In a landmark series of results, Wigderson proved under certain computational assumptions that every probabilistic polynomial time algorithm can be fully derandomized., i.e., randomness is not necessary for polynomial-time computation, providing strong evidence for P = BPP. In cryptography, Wigderson showed how one could compute any function securely in the presence of dishonest parties; showcased the existence of zero-knowledge proofs, proofs that yield nothing but their validity; and helped define the model of multiprover interactive proofs that eventually led to the celebrated PCP theorem. Wigderson also provided lower bounds on the efficiency of communication protocols, circuits, and formal proof systems. and gave the first efficient combinatorial constructions of expander graphs (the zig-zag graph product), an important class of highly connected sparse graphs, and subsequently inspired many important results.
Wigderson and Lovász have additionally, and very successfully, donned hats of terrific mentors, able administrators, wonderful expositors, and inspirational leaders. Their fantastic books and fascinating lectures have stimulated mathematical research around the world. Wigderson has trained many generations of theoretical computer scientists at the Institute for Advanced Study whilst for many, Lovász’s Combinatorial Problems and Exercises is a necessary and serendipitous initiation to the world of combinatorics. Lovász was President of the International Mathematical Union from 2007 to 2010, and also headed the Hungarian Academy of Sciences from 2014 to 2020, strongly pushing back against the farcical policies of the far right government.
Wigderson and Lovász’s phenomenal work has found significantly incredible real-world applications. Brin and Page relied on Lovász’s spectral graph theory results to develop PageRank, the backbone of Google Search, whilst Wigderson’s work on zero knowledge proofs underpins the technology behind blockchains and cryptocurrencies. Apart from applications to devising stronger cryptographic systems, their work catalyses advances in neuroscience, quantum physics, statistical mechanics, economics, social sciences, and medicine, displaying the ubiquity of fundamental basic science research in driving modern day technological advances. Wigderson and Lovász not only introduced visionary and powerful concepts but also solved formidable problems and their work is characterised by extraordinary depth, technical power, creative synthesis of ideas and methods from vast swathes of mathematics and computer science. Through their monumental contributions, effortlessly transcending boundaries between pure and applied mathematics, the two giants of modern day science and mathematics have resoundingly demonstrated that theoretical computer science is fundamentally and intrinsically a part of mathematics.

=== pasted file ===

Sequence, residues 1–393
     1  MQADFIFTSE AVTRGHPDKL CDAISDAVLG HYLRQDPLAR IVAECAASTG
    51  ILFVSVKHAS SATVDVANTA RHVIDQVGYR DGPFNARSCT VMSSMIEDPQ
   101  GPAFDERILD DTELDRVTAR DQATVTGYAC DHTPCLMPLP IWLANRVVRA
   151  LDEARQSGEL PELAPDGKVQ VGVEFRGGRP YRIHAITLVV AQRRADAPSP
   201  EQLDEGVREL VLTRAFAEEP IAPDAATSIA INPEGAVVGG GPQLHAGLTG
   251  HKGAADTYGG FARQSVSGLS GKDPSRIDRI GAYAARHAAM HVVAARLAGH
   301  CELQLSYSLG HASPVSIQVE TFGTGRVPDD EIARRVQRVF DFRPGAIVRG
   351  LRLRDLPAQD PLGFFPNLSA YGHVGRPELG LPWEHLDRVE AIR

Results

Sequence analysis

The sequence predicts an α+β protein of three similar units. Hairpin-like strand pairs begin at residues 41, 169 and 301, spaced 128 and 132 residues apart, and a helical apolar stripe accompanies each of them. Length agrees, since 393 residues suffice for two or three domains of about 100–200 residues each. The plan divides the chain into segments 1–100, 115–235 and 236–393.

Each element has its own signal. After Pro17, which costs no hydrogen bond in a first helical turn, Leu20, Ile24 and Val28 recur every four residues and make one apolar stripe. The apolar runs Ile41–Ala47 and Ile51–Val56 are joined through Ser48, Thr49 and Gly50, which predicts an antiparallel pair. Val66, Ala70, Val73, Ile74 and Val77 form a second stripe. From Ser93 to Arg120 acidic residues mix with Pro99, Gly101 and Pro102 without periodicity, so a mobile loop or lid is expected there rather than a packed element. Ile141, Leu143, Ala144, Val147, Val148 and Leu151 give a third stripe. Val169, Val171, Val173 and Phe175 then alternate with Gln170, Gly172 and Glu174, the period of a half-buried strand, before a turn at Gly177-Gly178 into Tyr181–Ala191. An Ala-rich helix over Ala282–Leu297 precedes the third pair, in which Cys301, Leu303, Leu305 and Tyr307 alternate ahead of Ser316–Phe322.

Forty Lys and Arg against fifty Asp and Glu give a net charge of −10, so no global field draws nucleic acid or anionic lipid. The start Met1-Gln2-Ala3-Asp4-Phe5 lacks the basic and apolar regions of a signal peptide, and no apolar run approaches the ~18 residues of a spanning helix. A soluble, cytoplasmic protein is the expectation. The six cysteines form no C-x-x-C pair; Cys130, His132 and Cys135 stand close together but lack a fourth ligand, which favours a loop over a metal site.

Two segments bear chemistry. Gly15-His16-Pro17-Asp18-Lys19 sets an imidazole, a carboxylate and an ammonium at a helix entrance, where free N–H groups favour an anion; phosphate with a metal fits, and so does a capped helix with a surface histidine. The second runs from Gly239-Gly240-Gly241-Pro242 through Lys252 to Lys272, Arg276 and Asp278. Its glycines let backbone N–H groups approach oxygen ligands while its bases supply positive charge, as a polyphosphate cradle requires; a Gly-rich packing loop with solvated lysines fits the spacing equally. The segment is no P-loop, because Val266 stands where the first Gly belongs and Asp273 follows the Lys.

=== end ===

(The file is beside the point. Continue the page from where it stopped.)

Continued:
Some words on Theoretical Computer Science and Discrete Mathematics
Theoretical Computer Science is the study of the power and limitations of computing. It contains two complementary sub-disciplines: algorithm design, which develops efficient methods for a multitude of computational problems; and computational complexity, which shows inherent limitations on the efficiency of algorithms. The notion of polynomial-time algorithms put forward in the 1960s by Alan Cobham, Jack Edmonds, and others, and the famous P≠NP conjecture of Stephen Cook, Leonid Levin, and Richard Karp had a very strong impact on the field.
Discrete mathematics is the study of structures such as graphs, sequences, permutations, and geometric configurations. The combinatorics of discrete structures is also a major component of many areas of pure mathematics, including number theory, probability, algebra, geometry, and analysis. Combinatorics is the study of patterns and graph theory is the study of connections such as in a network. Both come under the umbrella of ‘discrete’ maths, since the objects of study have distinct values, rather than varying smoothly like a point moving along a curve. The mathematics of such structures forms the foundation of theoretical computer science and information theory. For instance, communication networks such as the internet can be described and analyzed using the tools of graph theory, and the design of efficient computational algorithms relies crucially on insights from discrete mathematics.